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Impact of hospital care volume on clinical outcomes of laparoscopic radical hysterectomy for cervical cancer



In cervical cancer, the impact of hospital volume of laparoscopic radical hysterectomy (LRH) has not been investigated systematically as in ovarian cancer.The aim of this study was to investigate the impact of hospital care volume of LRH on treatment outcomes of patients with cervical cancer.


The PubMed, Embase, and Cochrane Library databases were searched with the terms "cervical cancer," "radical hysterectomy," and "laparoscopy." The selection criteria included studies presenting operative outcomes and/or perioperative complications of LRH from high-volume hospitals (HVHs) (≥15 cases/year) and low-volume hospitals (LVHs) (<15 cases/year). Fifty-nine studies including 4367 cases were selected. Linear regression analysis weighted by the average annual case number in each study was performed to evaluate differences between the groups.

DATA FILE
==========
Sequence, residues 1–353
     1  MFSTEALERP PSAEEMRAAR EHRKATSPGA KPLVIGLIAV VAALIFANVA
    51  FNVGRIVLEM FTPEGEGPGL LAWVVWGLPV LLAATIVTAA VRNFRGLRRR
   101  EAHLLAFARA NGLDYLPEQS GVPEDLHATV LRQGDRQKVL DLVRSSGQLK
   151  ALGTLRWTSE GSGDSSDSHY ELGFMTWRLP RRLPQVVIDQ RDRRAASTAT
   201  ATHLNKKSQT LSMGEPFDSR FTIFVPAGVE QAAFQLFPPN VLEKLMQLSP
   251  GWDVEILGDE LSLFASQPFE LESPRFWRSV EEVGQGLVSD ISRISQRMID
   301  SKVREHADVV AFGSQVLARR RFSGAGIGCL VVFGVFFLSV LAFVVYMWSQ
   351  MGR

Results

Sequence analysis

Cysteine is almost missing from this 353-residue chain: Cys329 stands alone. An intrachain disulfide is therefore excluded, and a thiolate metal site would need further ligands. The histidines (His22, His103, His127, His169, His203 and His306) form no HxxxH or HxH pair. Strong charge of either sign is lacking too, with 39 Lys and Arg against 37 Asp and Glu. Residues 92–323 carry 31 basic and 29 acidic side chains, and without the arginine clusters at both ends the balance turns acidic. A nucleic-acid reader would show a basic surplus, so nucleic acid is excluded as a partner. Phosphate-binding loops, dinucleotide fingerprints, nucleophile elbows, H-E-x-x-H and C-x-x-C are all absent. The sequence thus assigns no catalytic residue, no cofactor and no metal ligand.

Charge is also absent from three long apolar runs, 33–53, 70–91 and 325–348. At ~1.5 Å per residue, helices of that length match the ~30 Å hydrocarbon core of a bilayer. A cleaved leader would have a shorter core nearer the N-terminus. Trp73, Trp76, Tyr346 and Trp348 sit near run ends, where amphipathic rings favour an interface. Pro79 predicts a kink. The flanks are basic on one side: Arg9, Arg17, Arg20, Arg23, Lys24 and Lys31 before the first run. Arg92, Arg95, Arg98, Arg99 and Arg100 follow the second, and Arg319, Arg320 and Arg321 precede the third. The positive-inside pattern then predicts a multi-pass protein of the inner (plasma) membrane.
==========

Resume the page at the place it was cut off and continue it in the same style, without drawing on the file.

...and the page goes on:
In HVH, a higher number of lymph nodes (24.5 vs 21.1; P = .037) were retrieved by LRH in older women (48.4 vs 44.5 years; P = .010) with tendencies of shorter operation time (224.4 vs 256.4 minutes; P = .096) and less blood loss (253.1 vs 322.2 mL; P = .080). Compared with LVH, HVH had fewer patients with stage IA disease (13.8 vs 24.4%; P = .003) and more patients with stage IIA disease (15.3 vs 7.1%; P = .052) with comparable 5-year overall survival (93.1 vs 88.6%; P = .112).


HVH is a prognostic factor for operative outcome and perioperative complications in patients with cervical cancer undergoing LRH. The exact effect of hospital volume on survival outcome needs to be evaluated.

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